The petty knife is the Japanese equivalent to a western utility knife, being longer than a paring and much more capable. From small veg cleaning tasks, cleaning silverskin, breaking down small fish and poultry, brunoise garlic and shallots, or just use on a smaller board or prep station during service the petty is a must have in your kit and the second knife we recommend after you main workhorse be that a gyuto, kiritsuke, bunka, or santoku.
The bunka is very similar to the santoku but features a more aggressive tip and flatter profile than most santokus. This bunka will excel at chopping and piercing tasks, and also more detailed tip work. Having that extra length at 180 mm it also walks to line of versatility between the standard sized bunka and the 210mm Gyuto.
Sujihiki translates to flesh slicer, and this knife does just that. the long slender blade allows long clean single stroke slicing for clean results without sawing back and fourth, making sure those juices stay right where they should be, in the meat. While for the homecook this may not be the best knife to start your collection off with since it is pretty task specific, this could be invaluable to a professional working a grill or protein station.
Seki Kanetsugu was founded in 1918 by Matsujiro Kawamura, descendant of the famous swordsmith Kanetsugu, who worked during Nanboku-cho period. The Zuiun line was made for the 100th anniversary of the company and features an R2(SG2) steel core, with a stainless damascus cladding, and a heptagonal (7 sided) handle made from pakka, which I find fantastically comfortable and unique, and especially good for the finger on the spine technique which I like to use for intricate slicing tasks. The blades are quite thin at 1-1.5 mm spines in this line and feature a very mild convex grind, helping a great deal with food release.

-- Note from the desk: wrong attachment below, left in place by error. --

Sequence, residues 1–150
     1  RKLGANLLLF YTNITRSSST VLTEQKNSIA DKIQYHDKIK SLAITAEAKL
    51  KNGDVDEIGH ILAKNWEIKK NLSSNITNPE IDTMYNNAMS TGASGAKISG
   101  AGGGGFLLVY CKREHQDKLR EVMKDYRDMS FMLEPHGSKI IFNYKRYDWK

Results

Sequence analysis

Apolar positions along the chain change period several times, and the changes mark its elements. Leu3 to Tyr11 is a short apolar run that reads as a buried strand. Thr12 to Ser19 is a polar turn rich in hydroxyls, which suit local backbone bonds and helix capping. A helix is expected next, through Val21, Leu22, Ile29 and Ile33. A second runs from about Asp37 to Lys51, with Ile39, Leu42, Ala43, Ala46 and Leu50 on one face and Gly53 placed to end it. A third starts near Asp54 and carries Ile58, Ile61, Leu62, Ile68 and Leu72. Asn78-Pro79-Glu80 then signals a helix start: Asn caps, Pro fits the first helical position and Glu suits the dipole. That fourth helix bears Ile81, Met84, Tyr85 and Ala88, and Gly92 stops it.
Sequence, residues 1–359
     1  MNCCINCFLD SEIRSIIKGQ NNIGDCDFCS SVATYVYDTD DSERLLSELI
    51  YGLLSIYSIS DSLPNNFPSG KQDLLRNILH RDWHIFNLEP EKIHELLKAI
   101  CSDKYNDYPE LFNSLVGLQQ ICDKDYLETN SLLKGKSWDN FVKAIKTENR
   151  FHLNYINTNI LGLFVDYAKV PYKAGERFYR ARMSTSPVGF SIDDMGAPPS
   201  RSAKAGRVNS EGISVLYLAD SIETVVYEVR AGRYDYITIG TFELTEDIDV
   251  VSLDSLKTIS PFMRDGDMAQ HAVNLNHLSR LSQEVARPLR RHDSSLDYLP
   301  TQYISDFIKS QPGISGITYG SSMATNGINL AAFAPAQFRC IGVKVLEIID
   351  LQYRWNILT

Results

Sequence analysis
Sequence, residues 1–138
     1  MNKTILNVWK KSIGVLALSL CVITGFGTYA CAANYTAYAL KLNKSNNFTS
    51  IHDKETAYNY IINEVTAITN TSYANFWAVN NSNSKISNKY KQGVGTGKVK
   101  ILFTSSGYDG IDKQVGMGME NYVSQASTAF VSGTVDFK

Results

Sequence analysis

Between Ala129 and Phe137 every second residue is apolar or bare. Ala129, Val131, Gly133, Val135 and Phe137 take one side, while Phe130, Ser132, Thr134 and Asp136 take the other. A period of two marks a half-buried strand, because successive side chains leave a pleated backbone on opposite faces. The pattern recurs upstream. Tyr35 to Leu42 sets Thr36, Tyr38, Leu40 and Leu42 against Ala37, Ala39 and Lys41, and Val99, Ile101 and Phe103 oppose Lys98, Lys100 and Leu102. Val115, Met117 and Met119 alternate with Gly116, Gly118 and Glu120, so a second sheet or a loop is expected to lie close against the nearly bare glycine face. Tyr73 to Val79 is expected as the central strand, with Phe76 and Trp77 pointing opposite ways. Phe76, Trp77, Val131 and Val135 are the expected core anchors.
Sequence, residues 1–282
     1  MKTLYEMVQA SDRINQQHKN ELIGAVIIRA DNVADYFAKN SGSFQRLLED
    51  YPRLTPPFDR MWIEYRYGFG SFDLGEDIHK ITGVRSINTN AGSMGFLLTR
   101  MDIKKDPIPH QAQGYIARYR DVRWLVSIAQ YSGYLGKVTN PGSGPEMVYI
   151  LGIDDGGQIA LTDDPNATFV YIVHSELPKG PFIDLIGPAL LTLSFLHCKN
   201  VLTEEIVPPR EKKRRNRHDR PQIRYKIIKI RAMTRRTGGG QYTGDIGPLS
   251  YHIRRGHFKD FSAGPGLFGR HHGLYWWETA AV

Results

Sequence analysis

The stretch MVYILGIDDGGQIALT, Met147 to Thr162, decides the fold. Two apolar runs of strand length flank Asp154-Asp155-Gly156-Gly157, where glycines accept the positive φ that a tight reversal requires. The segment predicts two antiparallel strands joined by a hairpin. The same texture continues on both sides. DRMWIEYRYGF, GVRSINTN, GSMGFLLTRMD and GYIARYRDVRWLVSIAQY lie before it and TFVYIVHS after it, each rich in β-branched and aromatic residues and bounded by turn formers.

Knife Care (Stainless Steel)
Although this knife is made from stainless steel we do still encourage our customers to keep their knives as dry and clean as possible.
NO DISHWASHER - the high heat will ruin the wooden handle.
Wash and dry by hand using regular dish soap and warm water using a none abrasive sponge or cloth.
Ensure the knife is dry before being put away for storage and ensure the edge of the knife is protected to avoid any unnecessary dulling.
Avoid Bones, Frozen foods, nuts and hard candies or anything other than fruits, vegetables and proteins.